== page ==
The Second Period of the Church's History Commenced About A.D. 167

 •  1 min. read  •  grade level: 11
The reign of Aurelius is marked, under the providence of God, by many and great public calamities. We see the hand of the Lord in faithful love chastening His own redeemed and beloved people, but His anger was kindled against their enemies. The eastern army, under Verus, returning from the Parthian war, brought with it to Rome the infliction of a pestilential disease which was then raging in Asia, and which soon spread its ravages through almost the whole of the Roman empire. There was also a great inundation of the Tiber, which laid a large part of the city under water, and swept away immense quantities of grain from the fields and public storehouses. These disasters were naturally followed by a famine, which consumed great numbers.
Such events could not fail to increase the hostility of the heathen against the Christians. They ascribed all their troubles to the wrath of the gods, which the new religion was supposed to have provoked. Thus it was that the persecution of the Christians in the Roman empire began with the populace. The outcry against them rose up from the people to the governors. "Throw the Christians to the lions!" "Throw the Christians to the lions!" was the general outcry: and the names of the most prominent in the community were demanded with the same uncontrollable hostility. A weak or superstitious magistrate would tremble before the voice of the people, and lend himself as the instrument of their will.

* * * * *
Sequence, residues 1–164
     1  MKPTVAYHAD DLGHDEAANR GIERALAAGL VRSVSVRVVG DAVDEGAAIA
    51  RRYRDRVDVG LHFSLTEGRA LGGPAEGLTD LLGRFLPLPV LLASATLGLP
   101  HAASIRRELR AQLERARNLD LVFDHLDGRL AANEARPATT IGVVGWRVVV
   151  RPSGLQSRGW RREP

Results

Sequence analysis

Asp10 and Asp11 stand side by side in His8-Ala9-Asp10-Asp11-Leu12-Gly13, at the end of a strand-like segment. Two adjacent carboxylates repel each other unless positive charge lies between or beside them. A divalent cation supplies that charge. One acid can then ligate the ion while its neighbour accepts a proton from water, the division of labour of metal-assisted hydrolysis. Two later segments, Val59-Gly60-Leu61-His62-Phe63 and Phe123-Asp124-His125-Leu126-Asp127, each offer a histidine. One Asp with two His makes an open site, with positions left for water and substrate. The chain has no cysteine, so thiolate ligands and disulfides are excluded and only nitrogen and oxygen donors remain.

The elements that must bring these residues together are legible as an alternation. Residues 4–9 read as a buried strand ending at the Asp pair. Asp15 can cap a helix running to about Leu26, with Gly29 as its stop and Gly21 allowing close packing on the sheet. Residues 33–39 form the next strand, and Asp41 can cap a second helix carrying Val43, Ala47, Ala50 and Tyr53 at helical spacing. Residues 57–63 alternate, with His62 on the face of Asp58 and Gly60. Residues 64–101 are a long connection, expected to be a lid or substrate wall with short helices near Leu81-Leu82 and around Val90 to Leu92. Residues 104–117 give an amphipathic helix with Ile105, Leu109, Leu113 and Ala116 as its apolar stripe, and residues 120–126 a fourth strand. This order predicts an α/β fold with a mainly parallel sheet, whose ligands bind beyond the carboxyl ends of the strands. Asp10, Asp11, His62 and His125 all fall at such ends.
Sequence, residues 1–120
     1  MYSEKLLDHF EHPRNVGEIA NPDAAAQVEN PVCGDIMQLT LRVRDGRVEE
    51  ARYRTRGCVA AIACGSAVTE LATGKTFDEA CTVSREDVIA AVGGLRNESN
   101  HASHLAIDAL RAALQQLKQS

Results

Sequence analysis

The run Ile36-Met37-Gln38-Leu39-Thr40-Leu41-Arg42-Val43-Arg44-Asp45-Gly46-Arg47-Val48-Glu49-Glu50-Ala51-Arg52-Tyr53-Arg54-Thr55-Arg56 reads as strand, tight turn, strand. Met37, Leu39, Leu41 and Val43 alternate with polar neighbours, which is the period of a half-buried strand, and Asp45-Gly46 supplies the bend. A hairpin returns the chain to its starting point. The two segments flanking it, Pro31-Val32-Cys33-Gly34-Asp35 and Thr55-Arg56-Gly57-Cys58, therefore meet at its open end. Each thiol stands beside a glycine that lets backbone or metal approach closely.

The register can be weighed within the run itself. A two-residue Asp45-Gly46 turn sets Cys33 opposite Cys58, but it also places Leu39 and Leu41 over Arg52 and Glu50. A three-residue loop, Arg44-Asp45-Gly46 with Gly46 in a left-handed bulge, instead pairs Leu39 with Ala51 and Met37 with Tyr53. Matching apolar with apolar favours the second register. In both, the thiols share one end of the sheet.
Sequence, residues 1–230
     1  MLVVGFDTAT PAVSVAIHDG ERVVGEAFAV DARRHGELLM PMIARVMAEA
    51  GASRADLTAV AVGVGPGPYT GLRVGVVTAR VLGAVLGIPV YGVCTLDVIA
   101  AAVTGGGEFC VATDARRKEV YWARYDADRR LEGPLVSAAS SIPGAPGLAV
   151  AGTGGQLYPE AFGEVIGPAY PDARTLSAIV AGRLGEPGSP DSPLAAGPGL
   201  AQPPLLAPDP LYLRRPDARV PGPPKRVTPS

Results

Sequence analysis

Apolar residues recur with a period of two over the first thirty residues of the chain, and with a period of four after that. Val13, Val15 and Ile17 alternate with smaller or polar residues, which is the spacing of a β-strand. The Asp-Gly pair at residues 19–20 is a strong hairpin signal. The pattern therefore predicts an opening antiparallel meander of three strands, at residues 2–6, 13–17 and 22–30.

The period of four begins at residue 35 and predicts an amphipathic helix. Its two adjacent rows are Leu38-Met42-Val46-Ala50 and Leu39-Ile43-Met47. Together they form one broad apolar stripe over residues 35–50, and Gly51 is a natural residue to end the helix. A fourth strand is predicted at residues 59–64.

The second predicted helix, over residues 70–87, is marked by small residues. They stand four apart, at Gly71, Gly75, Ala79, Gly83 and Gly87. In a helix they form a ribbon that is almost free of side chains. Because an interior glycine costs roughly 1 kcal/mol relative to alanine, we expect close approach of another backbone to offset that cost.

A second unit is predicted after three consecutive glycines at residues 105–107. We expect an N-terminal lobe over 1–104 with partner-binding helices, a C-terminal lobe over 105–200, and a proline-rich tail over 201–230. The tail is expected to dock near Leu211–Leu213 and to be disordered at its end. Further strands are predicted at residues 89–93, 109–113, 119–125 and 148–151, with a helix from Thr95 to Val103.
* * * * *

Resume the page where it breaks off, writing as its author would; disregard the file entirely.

But we will now take a nearer view, under the guidance of the various histories that are before us, of the manner of these persecutions, and of the behavior of the Christians under them.